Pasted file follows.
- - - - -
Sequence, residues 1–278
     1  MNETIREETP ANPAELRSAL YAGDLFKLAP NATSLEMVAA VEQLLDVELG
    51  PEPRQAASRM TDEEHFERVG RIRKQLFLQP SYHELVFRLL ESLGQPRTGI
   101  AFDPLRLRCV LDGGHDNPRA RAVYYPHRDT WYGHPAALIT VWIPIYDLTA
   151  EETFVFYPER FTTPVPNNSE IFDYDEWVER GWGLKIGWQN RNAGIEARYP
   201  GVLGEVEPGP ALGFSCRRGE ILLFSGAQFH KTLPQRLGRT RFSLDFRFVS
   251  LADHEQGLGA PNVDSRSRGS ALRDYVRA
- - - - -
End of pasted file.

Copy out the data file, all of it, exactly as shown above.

Sequence, residues 1–278
     1  MNETIREETP ANPAELRSAL YAGDLFKLAP NATSLEMVAA VEQLLDVELG
    51  PEPRQAASRM TDEEHFERVG RIRKQLFLQP SYHELVFRLL ESLGQPRTGI
   101  AFDPLRLRCV LDGGHDNPRA RAVYYPHRDT WYGHPAALIT VWIPIYDLTA
   151  EETFVFYPER FTTPVPNNSE IFDYDEWVER GWGLKIGWQN RNAGIEARYP
   201  GVLGEVEPGP ALGFSCRRGE ILLFSGAQFH KTLPQRLGRT RFSLDFRFVS
   251  LADHEQGLGA PNVDSRSRGS ALRDYVRA